Just make sure the image is high-quality, clear, and has a clean (preferably white) background.
Quick tip: include your target keyword, for instance, "best kids' shoes," in the title, description, and alt tags of your image.
This will help Google position your ad on relevant searches.
Not only that, but you can also use shopping ad "extensions" to maximize the click-through rate and consequently your sales.
These extensions include:
Your prospects won't want to miss a product with a high number of 5-star ratings and a limited-time price drop. Fear of missing out (FOMO) is a real thing, so use the tactic wisely.
Google shows YouTube ads before, within, or after relevant YouTube videos. You can use video ads to put your product in front of people that like watching videos.
For instance, it makes sense to pitch an athletic shoe or sneaker to a person watching a video related to jogging or track and field. Why? Well, because if this person enjoys watching videos related to running, the odds that he enjoys going on a run himself are pretty good, and do you know what all runners need? You guessed it running shoes.
Your prospects might view a significant portion of your ad as required by YouTube. A good practice is to strive to capture the viewer's attention within the first 5-seconds and keep it throughout the entirety of the video; remember, an engaged viewer is worth a lot more than an obligated viewer that simply can't skip the ad.
This allows you to deliver your message in detail, improving the customer's chances of considering your product or offer.
YouTube also puts a display ad next to the video to remind the viewer to act on your offer. Make sure to use an actionable CTA (call-to-action) to direct the viewers to your landing page.
Actionable Call to Actions should give prospects clear and precise instructions as to what they should do. For example, click here for an exclusive 20% discount on select shoe models.
Universal App Ads
If you have an app, you can market it on the Google Network. Google places your app in a variety of locations based on your target audience.
You'll just have to provide the ad copy and images. The platform combines the two and places the ad where your target audience is present.
We've just covered the types of Google ads available to you in your journey to boost shoe sales. Let's now discuss how you can create an impactful ad for your shoe business.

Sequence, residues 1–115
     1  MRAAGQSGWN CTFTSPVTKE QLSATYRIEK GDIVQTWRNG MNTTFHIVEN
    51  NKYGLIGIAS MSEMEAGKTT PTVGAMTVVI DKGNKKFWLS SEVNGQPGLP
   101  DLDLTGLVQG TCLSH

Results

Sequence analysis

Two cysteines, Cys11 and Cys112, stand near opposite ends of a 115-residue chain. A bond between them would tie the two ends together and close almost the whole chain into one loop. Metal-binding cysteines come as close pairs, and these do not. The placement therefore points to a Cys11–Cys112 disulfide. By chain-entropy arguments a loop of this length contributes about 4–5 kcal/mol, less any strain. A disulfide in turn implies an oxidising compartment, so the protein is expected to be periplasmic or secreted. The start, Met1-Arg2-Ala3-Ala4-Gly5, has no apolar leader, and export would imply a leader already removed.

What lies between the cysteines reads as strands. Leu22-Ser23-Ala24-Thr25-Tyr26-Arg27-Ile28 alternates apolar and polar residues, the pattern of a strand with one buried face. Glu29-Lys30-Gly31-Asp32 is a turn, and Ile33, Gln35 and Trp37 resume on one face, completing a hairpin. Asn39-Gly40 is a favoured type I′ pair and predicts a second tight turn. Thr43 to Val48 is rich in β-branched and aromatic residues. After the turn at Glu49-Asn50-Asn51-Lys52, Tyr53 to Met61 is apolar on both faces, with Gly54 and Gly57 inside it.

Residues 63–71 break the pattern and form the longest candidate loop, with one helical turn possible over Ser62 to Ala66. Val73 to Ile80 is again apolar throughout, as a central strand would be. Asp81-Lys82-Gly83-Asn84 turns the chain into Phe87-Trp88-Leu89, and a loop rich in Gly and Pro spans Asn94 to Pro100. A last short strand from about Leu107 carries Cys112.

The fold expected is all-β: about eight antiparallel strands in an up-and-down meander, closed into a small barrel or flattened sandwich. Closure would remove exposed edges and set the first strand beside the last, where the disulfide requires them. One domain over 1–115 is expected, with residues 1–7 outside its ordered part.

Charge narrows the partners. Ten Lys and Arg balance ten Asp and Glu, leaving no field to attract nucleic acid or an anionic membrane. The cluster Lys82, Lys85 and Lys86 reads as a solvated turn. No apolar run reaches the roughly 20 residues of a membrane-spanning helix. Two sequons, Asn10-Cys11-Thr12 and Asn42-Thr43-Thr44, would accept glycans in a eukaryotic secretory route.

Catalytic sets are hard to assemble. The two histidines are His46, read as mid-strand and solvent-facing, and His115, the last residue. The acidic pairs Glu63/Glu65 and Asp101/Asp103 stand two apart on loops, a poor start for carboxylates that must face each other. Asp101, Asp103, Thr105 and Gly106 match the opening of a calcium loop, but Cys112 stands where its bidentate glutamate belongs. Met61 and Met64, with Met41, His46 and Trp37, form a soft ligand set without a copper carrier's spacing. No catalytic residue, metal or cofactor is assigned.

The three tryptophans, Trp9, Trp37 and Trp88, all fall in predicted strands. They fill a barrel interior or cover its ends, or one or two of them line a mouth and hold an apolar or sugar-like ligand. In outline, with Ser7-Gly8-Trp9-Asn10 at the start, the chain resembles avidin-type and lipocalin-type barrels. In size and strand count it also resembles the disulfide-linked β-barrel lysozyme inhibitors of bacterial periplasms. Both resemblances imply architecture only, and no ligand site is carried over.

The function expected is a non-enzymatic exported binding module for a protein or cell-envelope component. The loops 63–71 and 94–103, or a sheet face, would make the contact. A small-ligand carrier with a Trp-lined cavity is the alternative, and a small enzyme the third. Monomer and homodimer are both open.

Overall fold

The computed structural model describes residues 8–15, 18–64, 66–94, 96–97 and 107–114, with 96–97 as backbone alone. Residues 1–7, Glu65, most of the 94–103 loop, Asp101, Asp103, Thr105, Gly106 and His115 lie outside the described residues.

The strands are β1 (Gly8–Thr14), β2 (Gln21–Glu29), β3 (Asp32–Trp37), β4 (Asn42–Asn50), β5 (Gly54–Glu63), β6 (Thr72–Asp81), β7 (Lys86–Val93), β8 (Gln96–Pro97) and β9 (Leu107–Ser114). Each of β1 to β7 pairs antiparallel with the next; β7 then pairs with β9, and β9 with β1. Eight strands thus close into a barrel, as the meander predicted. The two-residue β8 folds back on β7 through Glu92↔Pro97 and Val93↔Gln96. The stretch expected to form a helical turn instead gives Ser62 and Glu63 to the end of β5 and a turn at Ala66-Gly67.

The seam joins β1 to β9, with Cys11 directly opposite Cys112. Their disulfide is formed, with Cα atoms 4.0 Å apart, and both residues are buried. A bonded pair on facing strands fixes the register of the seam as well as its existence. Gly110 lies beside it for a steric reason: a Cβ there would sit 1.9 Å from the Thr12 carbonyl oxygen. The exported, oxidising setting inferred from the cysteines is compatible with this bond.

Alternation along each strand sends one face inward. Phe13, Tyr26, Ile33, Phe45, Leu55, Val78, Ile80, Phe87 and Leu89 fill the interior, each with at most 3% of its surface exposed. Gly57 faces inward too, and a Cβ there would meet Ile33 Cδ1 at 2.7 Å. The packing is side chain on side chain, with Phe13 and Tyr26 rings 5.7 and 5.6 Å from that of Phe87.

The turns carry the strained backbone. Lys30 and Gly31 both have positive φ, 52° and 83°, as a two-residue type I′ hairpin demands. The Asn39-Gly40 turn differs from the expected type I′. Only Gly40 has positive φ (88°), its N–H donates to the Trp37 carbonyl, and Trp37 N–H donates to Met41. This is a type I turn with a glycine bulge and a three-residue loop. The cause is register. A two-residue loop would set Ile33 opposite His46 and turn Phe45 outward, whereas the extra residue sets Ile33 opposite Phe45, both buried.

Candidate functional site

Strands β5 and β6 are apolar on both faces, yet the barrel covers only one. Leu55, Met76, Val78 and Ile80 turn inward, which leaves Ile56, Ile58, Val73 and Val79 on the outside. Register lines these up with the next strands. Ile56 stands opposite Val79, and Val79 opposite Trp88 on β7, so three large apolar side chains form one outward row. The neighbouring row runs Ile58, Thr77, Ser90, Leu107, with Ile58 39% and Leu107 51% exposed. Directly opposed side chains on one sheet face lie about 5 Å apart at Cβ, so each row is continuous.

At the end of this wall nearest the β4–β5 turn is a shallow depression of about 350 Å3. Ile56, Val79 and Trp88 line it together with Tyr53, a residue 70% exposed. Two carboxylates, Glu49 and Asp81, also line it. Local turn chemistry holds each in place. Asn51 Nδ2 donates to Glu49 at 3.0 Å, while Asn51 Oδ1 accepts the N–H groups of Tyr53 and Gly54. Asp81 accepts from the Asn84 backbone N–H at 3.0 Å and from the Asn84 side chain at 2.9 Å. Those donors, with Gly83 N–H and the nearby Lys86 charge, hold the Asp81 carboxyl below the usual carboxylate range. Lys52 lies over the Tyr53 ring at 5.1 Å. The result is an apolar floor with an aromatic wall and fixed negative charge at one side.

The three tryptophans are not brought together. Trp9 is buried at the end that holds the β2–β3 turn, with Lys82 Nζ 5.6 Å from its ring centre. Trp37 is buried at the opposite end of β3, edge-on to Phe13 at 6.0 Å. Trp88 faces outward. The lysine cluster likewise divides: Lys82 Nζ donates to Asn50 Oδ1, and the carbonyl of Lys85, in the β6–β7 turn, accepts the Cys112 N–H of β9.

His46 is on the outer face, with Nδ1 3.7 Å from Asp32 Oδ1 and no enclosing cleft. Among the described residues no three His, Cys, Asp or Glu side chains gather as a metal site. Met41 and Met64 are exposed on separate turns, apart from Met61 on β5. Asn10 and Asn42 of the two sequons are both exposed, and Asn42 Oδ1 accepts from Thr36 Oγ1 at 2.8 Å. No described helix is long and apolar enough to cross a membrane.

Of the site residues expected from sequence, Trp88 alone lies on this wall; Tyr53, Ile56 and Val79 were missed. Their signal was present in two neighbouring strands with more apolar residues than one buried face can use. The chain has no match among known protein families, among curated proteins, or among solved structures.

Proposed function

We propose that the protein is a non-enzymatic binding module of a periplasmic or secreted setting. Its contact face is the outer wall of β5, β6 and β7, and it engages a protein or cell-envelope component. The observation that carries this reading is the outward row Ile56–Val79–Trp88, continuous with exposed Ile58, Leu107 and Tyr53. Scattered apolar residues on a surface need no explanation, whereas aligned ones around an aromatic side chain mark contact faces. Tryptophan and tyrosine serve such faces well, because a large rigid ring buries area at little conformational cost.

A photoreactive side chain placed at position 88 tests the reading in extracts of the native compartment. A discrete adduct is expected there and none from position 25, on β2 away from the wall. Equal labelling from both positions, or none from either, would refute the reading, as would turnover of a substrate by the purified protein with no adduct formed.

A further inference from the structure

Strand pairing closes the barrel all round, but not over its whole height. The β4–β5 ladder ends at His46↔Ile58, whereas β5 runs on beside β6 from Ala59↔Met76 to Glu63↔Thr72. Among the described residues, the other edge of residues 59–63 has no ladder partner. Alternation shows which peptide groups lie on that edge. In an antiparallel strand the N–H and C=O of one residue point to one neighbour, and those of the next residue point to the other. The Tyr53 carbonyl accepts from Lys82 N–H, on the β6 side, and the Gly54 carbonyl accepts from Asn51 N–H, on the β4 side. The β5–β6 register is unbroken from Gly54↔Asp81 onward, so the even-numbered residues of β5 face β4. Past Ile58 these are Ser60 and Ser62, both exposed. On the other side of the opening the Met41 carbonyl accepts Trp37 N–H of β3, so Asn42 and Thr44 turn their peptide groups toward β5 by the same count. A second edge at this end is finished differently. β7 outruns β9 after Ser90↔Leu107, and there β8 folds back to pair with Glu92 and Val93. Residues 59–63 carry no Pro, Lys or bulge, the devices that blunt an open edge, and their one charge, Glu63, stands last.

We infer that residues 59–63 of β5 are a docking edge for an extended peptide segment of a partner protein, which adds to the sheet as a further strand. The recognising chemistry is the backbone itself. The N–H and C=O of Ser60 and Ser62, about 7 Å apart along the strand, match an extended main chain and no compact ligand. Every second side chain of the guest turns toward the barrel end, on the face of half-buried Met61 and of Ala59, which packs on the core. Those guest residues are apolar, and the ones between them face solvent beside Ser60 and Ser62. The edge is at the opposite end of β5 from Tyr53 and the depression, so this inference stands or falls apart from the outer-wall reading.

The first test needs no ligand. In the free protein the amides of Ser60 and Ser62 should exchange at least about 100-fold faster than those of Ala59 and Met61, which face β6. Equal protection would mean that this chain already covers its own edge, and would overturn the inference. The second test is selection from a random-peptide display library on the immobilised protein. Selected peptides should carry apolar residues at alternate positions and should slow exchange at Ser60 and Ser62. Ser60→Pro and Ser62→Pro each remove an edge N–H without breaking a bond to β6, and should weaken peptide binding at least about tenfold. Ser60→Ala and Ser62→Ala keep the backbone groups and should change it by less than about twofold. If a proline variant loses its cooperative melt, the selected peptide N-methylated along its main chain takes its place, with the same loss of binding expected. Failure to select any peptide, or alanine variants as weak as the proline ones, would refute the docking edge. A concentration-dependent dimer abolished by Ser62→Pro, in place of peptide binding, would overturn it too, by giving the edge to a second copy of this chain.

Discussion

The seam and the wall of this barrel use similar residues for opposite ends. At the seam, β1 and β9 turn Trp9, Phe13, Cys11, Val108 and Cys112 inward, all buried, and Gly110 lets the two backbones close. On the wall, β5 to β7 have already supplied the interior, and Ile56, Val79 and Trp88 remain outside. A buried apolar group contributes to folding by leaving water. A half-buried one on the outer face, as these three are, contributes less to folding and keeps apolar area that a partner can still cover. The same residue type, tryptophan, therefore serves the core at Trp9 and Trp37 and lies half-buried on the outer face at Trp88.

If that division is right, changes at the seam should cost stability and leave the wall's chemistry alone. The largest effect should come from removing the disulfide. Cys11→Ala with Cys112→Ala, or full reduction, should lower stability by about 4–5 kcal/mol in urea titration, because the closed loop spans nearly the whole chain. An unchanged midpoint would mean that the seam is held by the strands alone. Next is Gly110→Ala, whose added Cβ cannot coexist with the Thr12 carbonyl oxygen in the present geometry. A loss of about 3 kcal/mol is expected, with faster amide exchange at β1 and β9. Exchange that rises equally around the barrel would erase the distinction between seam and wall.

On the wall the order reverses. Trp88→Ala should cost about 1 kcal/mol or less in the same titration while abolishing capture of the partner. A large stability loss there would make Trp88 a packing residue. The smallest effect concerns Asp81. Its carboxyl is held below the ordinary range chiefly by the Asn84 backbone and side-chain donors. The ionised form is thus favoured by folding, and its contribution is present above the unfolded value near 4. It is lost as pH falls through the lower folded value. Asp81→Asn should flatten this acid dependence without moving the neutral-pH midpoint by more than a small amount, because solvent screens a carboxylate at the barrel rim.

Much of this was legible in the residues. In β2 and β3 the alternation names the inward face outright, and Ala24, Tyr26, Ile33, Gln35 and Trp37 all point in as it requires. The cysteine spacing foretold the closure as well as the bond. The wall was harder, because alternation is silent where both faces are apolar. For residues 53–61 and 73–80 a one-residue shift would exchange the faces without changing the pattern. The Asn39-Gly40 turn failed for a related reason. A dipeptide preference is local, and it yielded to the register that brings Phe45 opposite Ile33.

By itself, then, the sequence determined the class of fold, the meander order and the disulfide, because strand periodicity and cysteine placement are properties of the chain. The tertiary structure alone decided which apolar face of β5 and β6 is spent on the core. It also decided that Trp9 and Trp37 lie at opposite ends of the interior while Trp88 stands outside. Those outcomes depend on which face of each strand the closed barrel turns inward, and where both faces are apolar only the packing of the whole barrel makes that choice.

How to Create a Google Ad to Boost Shoe Sales?
A Google ad is simple to create, an effective one that converts consistently, not so easy. Plenty goes into crafting a compelling ad that brings the right people to your store.
From keyword research to designing a search-engine-friendly landing page, there are quite a few things that you need to focus on.
Let's dive into one of the first and most essential parts of the Google ads creation process: "Keyword research."
Targeting the right keywords is vital to attract the right prospects. Search engines like Google can only bring customers to businesses through search queries.
When someone puts a keyword or key phrase into the search bar, Google fetches a laundry list of results against that keyword.
How does it find the most relevant results for a particular search term? We'll be discussing it later in the article.
For now, let's see how you can find the right keywords for your shoe business to generate more sales.
How to do Keyword Research for a Shoe Brand?
Keyword research will help determine what your target customers are searching for and consequently how to reach them effectively. By having a clear understanding of your customers' interests and likes, you simplify the advertisement-making process as you can create something you know will speak effectively to the specific customer you're hoping to target.
In a nutshell, if you create a shoe ad with relevant copy that appears for specific keywords, you will more than likely improve your click-through rate (CTR).
Although getting prospects to visit the page is only half the battle getting them to convert and purchase is the ultimate goal.
So how do you find the relevant keywords your prospects are using to buy shoes online?
We suggest using a practical and free keyword research tool, "Google Keyword Planner."
Not only does it provide the search volume, cost-per-click, and competition for a keyword, but it fetches a list of related keywords as well.
Google Keywords Planner
Sign in to your Google ads network account and go to "keyword planner" in "tools and settings."
The tool shows two options. You can either search for new keywords or find information about existing ones.
Go to "Discover new keywords."
Let's say you have a large inventory of leather shoes, and you want to give the sales of these a boost.
Allow Google to help you, trust us; it's in their best interest; after all, if the ads work for you, you will continue to invest in them.
Let's put in the keyword "leather shows."
After you press get results, the tool will tell you the search volume, cost-per-click, and keyword competition.
The search volume for leather shoes should be high enough to bring enough prospects to your store, giving you the chance to convert them.